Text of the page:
India offers astounding variety in virtually every aspect of social life. Diversities of ethnic, linguistic, regional, economic, religious, class, and caste groups crosscut Indian society, which is also permeated with immense urban-rural differences and gender distinctions. Differences between north India and south India are particularly significant, especially in systems of kinship and marriage. Indian society is multifaceted to an extent perhaps unknown in any other of the world’s great civilizations—it is more like an area as varied as Europe than any other single nation-state. Adding further variety to contemporary Indian culture are rapidly occurring changes affecting various regions and socioeconomic groups in disparate ways. Yet, amid the complexities of Indian life, widely accepted cultural themes enhance social harmony and order.
Many Indian societies were organized around principles of kinship. Kinship ties based on bloodlines or marriage formed the basis of the political, economic, and religious system. Succession to political office and religious positions, ownership and inheritance of property, and even whom one could or could not marry were determined on the basis of membership in a kin group. Social bonds with relatives must be reinforced at family events or at rites crucial to the religious community.
India is a hierarchical society. Whether in north India or south India, Hindu or Muslim, urban or village, virtually all things, people, and social groups are ranked according to various essential qualities. Although India is a political democracy, notions of complete equality are seldom evident in daily life.
Societal hierarchy is evident in caste groups, amongst individuals, and in family and kinship groups. Castes are primarily associated with Hinduism, but caste-like groups also exist among Muslims, Indian, Christians, and other religious communities. Within most villages or towns, everyone knows the relative rankings of each locally represented caste, and behavior is constantly shaped by this knowledge.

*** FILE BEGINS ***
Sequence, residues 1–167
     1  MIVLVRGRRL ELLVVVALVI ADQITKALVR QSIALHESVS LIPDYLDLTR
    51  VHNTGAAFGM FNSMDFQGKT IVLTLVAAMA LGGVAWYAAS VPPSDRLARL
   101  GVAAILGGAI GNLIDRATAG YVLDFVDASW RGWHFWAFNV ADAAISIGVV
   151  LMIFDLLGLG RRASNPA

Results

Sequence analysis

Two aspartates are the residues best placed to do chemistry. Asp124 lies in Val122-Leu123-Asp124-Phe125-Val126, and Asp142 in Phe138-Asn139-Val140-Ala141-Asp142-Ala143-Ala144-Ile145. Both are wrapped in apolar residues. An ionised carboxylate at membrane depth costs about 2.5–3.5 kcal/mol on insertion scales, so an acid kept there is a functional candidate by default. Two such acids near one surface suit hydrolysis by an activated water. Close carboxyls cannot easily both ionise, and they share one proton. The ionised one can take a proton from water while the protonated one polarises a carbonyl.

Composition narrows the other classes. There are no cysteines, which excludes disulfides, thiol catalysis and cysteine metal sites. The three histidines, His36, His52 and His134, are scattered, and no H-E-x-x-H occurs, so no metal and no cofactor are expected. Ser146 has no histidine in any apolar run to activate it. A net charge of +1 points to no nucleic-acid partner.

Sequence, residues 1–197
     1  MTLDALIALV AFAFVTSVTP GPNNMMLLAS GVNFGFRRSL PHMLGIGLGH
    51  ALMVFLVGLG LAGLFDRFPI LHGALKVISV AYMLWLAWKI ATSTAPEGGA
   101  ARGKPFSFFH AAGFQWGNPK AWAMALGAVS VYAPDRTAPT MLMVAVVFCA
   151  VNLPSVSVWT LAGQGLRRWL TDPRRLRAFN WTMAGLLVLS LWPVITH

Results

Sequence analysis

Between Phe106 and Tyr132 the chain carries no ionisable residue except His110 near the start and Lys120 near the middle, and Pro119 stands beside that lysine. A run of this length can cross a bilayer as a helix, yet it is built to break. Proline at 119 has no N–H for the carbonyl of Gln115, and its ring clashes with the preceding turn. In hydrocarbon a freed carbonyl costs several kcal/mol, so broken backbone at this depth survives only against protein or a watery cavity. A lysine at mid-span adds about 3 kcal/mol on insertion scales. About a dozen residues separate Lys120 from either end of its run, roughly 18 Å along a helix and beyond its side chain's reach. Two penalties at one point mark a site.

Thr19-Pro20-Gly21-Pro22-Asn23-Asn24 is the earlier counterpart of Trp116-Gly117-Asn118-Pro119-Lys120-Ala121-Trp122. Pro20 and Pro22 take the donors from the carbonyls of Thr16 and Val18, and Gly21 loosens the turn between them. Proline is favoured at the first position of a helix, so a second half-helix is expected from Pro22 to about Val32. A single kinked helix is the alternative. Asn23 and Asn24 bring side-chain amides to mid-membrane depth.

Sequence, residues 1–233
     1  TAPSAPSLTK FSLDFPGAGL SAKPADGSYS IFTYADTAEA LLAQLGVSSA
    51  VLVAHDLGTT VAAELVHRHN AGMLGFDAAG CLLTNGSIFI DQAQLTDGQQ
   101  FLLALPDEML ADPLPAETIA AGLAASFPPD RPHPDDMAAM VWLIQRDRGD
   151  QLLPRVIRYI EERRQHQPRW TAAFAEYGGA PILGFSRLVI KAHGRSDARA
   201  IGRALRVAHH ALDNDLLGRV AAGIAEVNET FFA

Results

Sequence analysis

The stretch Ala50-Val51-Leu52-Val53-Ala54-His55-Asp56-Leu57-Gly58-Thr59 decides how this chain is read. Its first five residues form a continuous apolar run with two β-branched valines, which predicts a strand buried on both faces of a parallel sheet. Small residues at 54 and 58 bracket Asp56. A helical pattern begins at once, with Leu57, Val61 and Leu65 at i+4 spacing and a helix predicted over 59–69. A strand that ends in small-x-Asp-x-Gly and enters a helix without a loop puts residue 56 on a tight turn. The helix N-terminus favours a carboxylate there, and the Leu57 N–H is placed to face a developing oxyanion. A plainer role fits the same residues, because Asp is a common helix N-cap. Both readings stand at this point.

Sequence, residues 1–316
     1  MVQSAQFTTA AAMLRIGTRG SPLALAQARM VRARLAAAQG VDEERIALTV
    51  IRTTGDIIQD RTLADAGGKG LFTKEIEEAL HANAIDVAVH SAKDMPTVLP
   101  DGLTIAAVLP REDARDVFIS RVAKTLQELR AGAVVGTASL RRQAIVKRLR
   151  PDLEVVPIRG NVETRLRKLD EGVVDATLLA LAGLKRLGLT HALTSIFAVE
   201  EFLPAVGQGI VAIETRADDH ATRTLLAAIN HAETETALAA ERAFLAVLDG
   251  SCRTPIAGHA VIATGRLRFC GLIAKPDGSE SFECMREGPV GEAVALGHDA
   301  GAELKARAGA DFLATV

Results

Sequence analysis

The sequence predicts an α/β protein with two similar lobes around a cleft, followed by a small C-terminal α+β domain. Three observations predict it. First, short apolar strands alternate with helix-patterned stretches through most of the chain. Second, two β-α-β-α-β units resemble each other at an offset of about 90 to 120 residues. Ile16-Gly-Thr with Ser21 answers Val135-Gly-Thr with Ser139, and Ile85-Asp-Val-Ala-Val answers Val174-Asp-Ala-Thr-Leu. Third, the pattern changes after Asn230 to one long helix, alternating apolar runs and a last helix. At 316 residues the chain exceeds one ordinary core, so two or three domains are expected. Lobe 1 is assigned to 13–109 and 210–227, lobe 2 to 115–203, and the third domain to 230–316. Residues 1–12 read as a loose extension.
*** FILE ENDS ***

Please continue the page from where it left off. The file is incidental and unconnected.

Individuals are also ranked according to their wealth and power. For example, some powerful people, or “big men,” sit confidently on chairs, while “little men” come before them to make requests, either standing or squatting not presuming to sit beside a man of high status as an equal.
Hierarchy plays an important role within families and kinship groupings also, where men outrank women of similar age, and senior relatives outrank junior relatives. Formal respect is accorded family members—for example, in northern India, a daughter-in-law shows deference to her husband, to all senior in-laws, and to all daughters of the household. Siblings, too, recognize age differences, with younger siblings addressing older siblings by respectful terms rather than by name.
One of the great themes pervading Indian life is social interdependence. People are born into groups--families, clans, sub castes, castes, and religious communities--and live with a constant sense of being part of and inseparable from these groups. A corollary is the notion that everything a person does properly involves interaction with other people. A person's greatest dread, perhaps, is the possibility of being left alone, without social support, to face the necessary challenges of life. This sense of interdependence is extended into the theological realm: the very shape of a person's life is seen as being greatly influenced by divine beings with whom an ongoing relationship must be maintained. Psychologically, family members typically experience intense emotional interdependence. Economic activities, too, are deeply imbedded in a social nexus. Through a multitude of kinship ties, each person is linked with kin in villages and towns near and far. Almost everywhere a person goes; he can find a relative from whom he...
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